I’m guessing you’re reading this article right now because you want to discover how to trick yourself into saving money, right? As we all know, saving money is easier said than done…
Does this sound familiar? You declare to yourself “I’m going to save $3000 in 3 months” but then before you know it, 2 months have passed and your savings have increased by exactly $0…
If so, don’t worry – you’re not alone. There’s a reason why 58% of Americans have less than $1000 in savings – because saving money can be hard!
Saving money requires discipline but fortunately, there are various ways to trick yourself into saving money. Here are 7 proven ways…
How to Trick Yourself Into Saving Money – 9 Proven Ways That Actually Work
Set Up an Automatic Transfer
The easiest and most effective way to trick yourself into saving money is by setting up an automatic transfer from your checking account to your savings account every pay period.
This concept is also known as “paying yourself first” and was popularized in the book “Automatic Millionaire” (a must-read if you’re serious about saving money.)
The idea is that most people who are trying to save money will save what’s left AFTER they’ve bought and paid for everything else. This usually means that very little money ends up getting saved.
By paying yourself first, you’re reducing the temptation to spend more than is necessary because the money is gone from your checking account before you even notice it was there.
A lot of banks allow you to set up automatic transfers online, otherwise you can go into your local branch to get everything set up.
Start a Change Jar (That You Can’t Open)
You may not have had a change since you were in grade school, but don’t write them off. Change jars can be an excellent tool to trick yourself into the saving money.
The key to success is making sure your change jar isn’t easy to open (so don’t use a mason jar!) I recommend purchasing a coin bank like this one that doesn’t have an opening at the bottom, to help avoid any temptation.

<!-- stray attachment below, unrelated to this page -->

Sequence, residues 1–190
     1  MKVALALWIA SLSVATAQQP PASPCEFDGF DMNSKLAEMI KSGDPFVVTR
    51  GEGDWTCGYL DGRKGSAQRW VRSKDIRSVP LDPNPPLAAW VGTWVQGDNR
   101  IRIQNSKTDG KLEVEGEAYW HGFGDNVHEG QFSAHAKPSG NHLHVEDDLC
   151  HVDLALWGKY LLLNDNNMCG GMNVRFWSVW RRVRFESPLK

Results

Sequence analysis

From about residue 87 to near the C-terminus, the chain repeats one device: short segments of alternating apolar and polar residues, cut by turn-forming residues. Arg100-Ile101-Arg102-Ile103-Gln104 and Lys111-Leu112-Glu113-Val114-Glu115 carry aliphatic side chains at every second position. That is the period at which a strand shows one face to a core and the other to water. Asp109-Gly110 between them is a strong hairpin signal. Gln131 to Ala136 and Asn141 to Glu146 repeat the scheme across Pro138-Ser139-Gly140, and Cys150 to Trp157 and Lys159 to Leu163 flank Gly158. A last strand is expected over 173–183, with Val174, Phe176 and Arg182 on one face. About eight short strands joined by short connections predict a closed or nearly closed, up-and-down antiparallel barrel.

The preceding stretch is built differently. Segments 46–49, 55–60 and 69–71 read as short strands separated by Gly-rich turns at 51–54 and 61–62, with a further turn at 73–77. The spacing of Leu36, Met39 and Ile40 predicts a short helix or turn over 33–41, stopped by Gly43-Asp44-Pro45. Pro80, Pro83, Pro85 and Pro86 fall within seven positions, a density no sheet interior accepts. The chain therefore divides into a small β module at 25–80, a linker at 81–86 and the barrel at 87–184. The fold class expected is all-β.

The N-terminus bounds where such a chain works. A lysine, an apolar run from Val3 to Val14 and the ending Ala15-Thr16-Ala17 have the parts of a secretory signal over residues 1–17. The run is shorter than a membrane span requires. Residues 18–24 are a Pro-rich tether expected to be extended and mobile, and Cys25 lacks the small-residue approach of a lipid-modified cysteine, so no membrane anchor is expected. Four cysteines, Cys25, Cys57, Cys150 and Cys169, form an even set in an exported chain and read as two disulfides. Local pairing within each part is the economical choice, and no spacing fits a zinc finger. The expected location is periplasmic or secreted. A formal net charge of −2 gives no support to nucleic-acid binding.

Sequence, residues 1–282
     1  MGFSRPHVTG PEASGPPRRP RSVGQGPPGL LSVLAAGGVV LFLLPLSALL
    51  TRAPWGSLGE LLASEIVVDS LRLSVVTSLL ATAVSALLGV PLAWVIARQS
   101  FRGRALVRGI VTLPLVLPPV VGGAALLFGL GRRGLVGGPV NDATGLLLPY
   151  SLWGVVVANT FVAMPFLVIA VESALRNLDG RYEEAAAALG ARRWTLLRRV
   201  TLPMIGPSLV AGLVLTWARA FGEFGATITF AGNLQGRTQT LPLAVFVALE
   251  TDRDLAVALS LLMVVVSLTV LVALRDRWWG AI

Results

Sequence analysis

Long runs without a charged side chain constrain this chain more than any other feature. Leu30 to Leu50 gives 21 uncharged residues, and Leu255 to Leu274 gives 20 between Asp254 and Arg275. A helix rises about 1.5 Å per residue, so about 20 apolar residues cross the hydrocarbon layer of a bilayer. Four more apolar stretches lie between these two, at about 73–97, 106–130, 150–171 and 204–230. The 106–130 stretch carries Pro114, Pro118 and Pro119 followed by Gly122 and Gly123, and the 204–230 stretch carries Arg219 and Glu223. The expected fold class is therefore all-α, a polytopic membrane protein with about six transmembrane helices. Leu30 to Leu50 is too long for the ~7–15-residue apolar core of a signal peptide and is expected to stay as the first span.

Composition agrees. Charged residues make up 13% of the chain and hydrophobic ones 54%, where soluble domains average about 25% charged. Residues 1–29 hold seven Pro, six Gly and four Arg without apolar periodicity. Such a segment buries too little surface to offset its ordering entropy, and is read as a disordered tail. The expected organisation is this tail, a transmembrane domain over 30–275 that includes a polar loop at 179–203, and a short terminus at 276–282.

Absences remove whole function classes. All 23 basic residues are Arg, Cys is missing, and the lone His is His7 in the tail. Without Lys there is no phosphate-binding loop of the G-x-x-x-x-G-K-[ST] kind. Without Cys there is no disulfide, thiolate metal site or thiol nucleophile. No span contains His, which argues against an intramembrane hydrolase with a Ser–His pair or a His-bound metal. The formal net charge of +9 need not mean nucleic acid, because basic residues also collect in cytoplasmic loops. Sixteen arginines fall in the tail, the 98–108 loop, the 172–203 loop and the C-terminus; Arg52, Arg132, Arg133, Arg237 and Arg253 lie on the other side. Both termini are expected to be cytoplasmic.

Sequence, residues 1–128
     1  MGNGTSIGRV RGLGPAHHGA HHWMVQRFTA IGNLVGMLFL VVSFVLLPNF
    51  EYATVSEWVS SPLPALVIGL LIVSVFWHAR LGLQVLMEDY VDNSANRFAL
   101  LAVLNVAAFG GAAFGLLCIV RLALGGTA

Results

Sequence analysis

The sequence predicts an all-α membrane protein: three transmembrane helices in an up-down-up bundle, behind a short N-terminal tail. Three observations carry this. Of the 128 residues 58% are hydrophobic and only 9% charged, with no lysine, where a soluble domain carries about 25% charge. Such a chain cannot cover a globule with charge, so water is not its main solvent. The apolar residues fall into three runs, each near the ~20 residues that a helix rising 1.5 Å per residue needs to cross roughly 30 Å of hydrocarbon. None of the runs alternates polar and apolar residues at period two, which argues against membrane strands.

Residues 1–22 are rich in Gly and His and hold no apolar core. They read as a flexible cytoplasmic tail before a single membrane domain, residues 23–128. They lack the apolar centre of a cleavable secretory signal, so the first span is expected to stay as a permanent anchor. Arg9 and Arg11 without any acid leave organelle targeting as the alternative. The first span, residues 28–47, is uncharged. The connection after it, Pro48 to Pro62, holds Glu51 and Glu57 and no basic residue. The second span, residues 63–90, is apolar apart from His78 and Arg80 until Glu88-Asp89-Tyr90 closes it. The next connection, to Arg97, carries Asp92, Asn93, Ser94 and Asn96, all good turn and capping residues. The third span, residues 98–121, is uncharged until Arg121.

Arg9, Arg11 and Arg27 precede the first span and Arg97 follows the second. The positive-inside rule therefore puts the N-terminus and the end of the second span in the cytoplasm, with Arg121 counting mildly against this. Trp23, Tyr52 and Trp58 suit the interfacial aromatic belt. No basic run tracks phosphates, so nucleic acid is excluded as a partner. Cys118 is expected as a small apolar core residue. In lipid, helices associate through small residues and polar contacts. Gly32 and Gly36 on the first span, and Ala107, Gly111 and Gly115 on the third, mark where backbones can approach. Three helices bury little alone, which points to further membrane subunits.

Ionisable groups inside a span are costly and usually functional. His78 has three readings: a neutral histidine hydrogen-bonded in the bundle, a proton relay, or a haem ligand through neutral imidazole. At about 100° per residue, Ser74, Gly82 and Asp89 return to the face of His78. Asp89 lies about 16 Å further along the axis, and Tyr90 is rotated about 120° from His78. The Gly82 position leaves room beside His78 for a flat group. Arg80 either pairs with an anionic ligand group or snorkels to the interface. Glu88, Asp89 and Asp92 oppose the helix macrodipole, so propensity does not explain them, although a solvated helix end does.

I recently purchased this coin bank from my local Daiso store here in Japan.
At the end of every day, I check my wallet for 500 yen coins and if I have any, they go straight into my coin bank. Once the coin bank is full, I’ll have 300,000 yen saved up (which is about $2800 USD.)
You can set up your coin bank “system” however you’d like – I also have a separate coin bank that I empty everything (besides 500 yen coins) into every Sunday evening.
One of my favorite ways to save money is using the free cash back app, Ibotta. This is essentially free money just for doing something that we all do regularly (grocery shop) and the money you earn can be a great way to boost your savings account.
Here’s how it works:
Simply do your grocery shopping, log into the app and find matching cash back offers to redeem, snap a copy of your receipt and you’re done. Within 24 hours, you’ll receive your cash back reward.
Once you’ve reached $20 you can exchange it for cash or a gift card. Click here to join Ibotta and get a bonus $10.
(You can also earn $5 for every friend you refer to the app so sign up, get your referral link and start sharing! I’ve made over $2000 with Ibotta from claiming cash back rewards and sharing my referral link. Click here to get started.)
Set a Specific Goal
Tricking yourself into saving money can often be as simple as setting a specific savings goal.
Think back to when you were a kid… If your mom asked you to vacuum the living room, you probably weren’t too keen on the idea, right? But if she told you “If you vacuum the living room for the next 4 weeks, I’ll give you $10” (i.e. bribed you :p ) then suddenly vacuuming the living room didn’t sound too difficult, did it?